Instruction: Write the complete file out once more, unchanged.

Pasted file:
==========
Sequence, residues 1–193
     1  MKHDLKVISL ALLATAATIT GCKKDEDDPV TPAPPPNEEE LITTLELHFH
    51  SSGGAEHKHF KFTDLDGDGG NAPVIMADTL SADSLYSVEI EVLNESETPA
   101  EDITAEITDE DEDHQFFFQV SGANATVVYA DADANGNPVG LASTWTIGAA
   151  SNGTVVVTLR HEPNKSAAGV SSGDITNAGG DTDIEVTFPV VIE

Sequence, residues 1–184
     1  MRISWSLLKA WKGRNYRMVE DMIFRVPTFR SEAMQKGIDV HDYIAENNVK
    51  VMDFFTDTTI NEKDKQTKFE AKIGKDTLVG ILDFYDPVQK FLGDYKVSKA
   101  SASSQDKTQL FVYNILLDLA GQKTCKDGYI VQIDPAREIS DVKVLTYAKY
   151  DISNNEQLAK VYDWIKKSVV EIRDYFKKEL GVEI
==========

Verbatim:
Sequence, residues 1–193
     1  MKHDLKVISL ALLATAATIT GCKKDEDDPV TPAPPPNEEE LITTLELHFH
    51  SSGGAEHKHF KFTDLDGDGG NAPVIMADTL SADSLYSVEI EVLNESETPA
   101  EDITAEITDE DEDHQFFFQV SGANATVVYA DADANGNPVG LASTWTIGAA
   151  SNGTVVVTLR HEPNKSAAGV SSGDITNAGG DTDIEVTFPV VIE

Sequence, residues 1–184
     1  MRISWSLLKA WKGRNYRMVE DMIFRVPTFR SEAMQKGIDV HDYIAENNVK
    51  VMDFFTDTTI NEKDKQTKFE AKIGKDTLVG ILDFYDPVQK FLGDYKVSKA
   101  SASSQDKTQL FVYNILLDLA GQKTCKDGYI VQIDPAREIS DVKVLTYAKY
   151  DISNNEQLAK VYDWIKKSVV EIRDYFKKEL GVEI